The financial incentives now being offered through MERP were implemented to help alleviate some of these concerns. These incentives would help companies cover the additional costs they may incur when replacing their legacy equipment. Additionally, through helpful resources such as the EPA’s Natural Gas Star Rating, they will be able to select from a pool of products and technologies that have a stamp of approval from the EPA. It is of critical importance that Oil & Gas companies use equipment already proven in their facilities and currently being used in lower volumes, that meet the required reliability and Safety Integrity Level requirements.

Emissions from Control Valves

Emissions from the energy sector generally come from two sources: production and consumption. On the production side, most emissions are caused by valves, pumps, and flanges located in the complex piping systems of oil and gas facilities. These three sources are natural leak points and are therefore consistently the main drivers of emissions. Of these three, valves are the number one source of these emissions, and according to the EPA, they are responsible for 60% of all oil and gas emissions. EPA studies also show that a subset of 19% of valves, typically control valves, cause 95% of all valve emissions. This knowledge allows operators and manufacturers to narrow their focus and ensure proper distribution of funds.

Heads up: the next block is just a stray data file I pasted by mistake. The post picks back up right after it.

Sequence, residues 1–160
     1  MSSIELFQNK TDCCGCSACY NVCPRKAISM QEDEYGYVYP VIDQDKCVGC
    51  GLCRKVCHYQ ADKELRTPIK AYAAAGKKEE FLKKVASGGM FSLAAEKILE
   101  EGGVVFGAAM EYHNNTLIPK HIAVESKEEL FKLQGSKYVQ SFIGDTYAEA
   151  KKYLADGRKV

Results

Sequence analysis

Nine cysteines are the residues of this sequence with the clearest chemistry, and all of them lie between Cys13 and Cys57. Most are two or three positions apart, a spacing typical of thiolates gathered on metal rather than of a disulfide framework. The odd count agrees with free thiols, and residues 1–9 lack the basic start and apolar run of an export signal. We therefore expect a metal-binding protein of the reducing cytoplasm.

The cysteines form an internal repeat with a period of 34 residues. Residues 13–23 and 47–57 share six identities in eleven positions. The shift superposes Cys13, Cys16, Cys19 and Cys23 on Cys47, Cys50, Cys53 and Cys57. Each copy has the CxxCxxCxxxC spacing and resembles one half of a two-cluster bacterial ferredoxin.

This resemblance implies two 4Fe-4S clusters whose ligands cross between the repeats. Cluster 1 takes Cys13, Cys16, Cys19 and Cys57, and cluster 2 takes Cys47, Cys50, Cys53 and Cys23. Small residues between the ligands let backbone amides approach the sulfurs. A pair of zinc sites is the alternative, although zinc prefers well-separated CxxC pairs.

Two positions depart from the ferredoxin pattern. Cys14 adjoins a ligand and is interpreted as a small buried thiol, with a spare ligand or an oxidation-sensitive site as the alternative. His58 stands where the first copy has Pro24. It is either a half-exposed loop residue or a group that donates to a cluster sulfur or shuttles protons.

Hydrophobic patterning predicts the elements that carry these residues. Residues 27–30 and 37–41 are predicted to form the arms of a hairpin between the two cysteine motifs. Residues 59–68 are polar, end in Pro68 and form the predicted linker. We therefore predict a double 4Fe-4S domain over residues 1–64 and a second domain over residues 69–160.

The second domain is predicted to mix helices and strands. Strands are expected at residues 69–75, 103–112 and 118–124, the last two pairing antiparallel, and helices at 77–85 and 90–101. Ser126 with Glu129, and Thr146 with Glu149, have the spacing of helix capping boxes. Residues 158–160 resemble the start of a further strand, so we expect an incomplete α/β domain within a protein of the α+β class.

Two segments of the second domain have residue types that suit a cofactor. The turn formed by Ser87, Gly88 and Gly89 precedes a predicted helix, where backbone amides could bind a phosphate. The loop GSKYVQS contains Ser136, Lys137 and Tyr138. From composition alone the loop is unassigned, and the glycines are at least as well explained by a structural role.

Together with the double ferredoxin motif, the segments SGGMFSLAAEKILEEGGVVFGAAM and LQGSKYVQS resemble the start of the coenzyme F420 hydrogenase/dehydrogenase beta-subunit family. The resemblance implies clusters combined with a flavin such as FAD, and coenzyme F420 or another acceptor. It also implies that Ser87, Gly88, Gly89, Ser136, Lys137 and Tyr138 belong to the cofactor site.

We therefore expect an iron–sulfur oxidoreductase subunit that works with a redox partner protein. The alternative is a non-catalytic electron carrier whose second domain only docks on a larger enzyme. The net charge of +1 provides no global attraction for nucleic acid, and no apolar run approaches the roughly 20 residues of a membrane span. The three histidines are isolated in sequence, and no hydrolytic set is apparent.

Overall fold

It is evidently clear that through MERP, control valves need to be a major point of focus in the efforts being taken to implement low emissions technology and equipment. In replacing legacy valves with low emissions, or preferably, zero emissions control valves, such as the Dilating Disk™ Valve, facilities will not only be able to prevent methane from causing atmospheric damage, but they will also be keeping these hydrocarbons within their pipelines. This will allow companies to retain and sell more of their product, which would otherwise have been lost to the atmosphere; these savings can then be passed onto the consumer.